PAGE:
Andrew’s world in Japan 2018/June

Artist & researcher based in KL since 2009, passionately exploring the creative process & connecting with other creative people.

Miso for the Win

Emerging from Edogawabashi the most striking landmark is the Mizuho Bank building. Just a short five-minute walk around the corner from where Bunkyo-ward and Shinjuku-ward meet you will find a simple classic red and white-checkered tablecloth establishment. It could be they are keeping true to the origins of the style or just following the standard. The interior and design was not my priority, although this look almost made me feel the jubulience of being in a park on a nice summer day for a picinic. In ‘the city that never sleeps,’ you can find whatever you need. Where many walks of Tokyo life converge, these streets, side streets and back alley’s of these two wards offer endless twists and turns into magical slices of Tokyo new and old. Here I was, sitting down to order a most delicious plate of miso katsudon.

For those not in the know, there is a special branch of Japanese cuisine that linguistically shows its foreign origins. In this instance, many of these meals are ‘yoshoku,’ offshoots of European based dishes. More like a set meal, not the usual ‘course’ menu of formal Japanese cuisine, these recipes gained popularity during a time when Western culture finally managed to get its foot in the door in a big way. Possibly about 140 years ago during the Meiji era is the beginning. ‘Yoshoku’ dishes include but are not limited to omurice, hayashi, croquette and of course tonkatsu.

Today you can find many of these available in a variety of shapes and sizes from 7 eleven to fancy high-end sit down restaurants. These simple and delicious meals come with some of my favorite sides, Japanese pickles (tsukemono) and miso soup. Altogether, with some rice and katsudon, I’m usually fulfilled. Top an already oiishi perfectly fried pork schnitzel with some miso sauce and you will find me singing in the streets. Probably not really what the locals are interested in seeing though.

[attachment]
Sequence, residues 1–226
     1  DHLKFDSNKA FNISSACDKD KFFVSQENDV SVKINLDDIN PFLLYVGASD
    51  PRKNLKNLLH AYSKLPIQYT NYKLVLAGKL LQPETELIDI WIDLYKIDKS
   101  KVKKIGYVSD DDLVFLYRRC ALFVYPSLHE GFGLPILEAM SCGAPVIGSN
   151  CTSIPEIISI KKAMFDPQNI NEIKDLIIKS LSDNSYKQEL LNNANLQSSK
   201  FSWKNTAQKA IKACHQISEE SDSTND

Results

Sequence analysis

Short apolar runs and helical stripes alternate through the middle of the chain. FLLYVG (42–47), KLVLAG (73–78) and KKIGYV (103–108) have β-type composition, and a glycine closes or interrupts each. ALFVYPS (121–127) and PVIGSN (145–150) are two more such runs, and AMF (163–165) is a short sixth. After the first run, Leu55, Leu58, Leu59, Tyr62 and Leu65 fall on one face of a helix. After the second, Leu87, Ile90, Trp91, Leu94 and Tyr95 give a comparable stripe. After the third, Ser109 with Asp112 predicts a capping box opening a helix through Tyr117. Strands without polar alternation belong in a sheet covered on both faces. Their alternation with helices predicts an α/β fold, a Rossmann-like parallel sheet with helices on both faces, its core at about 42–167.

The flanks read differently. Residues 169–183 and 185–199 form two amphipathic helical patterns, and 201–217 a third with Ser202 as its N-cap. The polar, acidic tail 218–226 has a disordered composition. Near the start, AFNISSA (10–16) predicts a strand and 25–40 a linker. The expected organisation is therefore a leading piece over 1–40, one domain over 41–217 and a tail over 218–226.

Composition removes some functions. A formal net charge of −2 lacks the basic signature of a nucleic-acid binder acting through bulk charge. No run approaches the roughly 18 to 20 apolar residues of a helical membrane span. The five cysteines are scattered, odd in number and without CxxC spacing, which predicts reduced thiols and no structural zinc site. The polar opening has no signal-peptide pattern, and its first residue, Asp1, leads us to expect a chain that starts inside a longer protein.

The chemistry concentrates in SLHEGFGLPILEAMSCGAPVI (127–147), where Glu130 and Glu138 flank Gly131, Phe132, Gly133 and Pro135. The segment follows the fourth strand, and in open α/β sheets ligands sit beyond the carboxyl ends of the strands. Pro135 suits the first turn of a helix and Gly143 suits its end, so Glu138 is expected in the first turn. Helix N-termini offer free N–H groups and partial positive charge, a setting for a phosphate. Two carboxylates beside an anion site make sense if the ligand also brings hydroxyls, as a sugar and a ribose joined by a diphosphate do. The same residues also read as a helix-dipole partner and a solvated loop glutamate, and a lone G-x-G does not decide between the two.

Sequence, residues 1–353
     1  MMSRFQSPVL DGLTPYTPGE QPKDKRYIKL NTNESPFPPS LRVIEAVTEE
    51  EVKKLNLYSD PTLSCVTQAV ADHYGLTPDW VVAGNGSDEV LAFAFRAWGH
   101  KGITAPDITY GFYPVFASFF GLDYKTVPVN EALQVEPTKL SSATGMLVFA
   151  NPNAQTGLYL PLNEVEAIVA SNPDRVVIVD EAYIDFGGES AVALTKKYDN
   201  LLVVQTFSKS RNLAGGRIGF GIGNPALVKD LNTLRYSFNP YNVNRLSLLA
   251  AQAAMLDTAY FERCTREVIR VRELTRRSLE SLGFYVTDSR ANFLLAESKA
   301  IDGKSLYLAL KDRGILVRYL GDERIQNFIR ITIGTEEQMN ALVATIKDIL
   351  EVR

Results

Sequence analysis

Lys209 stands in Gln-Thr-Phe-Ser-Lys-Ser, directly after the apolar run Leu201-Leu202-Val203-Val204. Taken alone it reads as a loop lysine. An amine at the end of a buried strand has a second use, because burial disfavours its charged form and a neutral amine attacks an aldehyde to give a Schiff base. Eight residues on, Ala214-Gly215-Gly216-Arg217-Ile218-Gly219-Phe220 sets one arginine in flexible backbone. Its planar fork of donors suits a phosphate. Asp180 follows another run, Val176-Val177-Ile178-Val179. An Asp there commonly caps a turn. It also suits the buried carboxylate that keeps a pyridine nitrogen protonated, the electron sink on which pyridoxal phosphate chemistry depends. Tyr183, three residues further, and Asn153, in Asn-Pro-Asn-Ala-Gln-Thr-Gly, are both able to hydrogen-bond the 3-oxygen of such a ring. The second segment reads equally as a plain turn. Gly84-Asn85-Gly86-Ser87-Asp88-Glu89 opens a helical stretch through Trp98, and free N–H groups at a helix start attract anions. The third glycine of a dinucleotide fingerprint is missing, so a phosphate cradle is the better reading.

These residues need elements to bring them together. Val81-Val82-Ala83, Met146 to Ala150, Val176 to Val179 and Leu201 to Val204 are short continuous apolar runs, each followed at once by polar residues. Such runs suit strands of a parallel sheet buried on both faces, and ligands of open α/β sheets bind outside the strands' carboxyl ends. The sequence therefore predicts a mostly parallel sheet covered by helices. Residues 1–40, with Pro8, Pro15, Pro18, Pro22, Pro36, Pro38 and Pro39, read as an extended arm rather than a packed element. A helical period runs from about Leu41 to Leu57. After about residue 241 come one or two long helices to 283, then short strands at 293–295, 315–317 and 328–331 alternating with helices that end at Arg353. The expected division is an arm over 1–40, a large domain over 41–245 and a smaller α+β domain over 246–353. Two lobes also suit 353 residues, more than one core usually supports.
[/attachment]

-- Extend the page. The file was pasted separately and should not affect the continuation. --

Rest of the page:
For the uninitiated, Miso is a fermented salty savory soybean paste traditionally used in both Japanese and Chinese diets. It can be used to create sauces, spreads, pickling vegetables or meats. Another of my favorites is the perfectly simple mixture of dashi soup stock with miso served as a soup. Some of the benefits of miso are believed to be that consumption helps stimulate digestion as well as energize the body. Since you are reading Senyum, most likely you already know this. The dish called ‘donburi’ is the rice bowl foundation for katsudon. The word katsu means “win” prompting many Japanese to have meals with katsu before many an important event, exam or match. Leave it to superstition to help keep a delicious meal going. However you look at it, this meal is definitely a win for Japanese cuisine regardless of the origins. The combination of onions, egg, breaded fried porkchop over rice topped with a thick umami-rich miso gravy leaves me feeling happy and satisfied.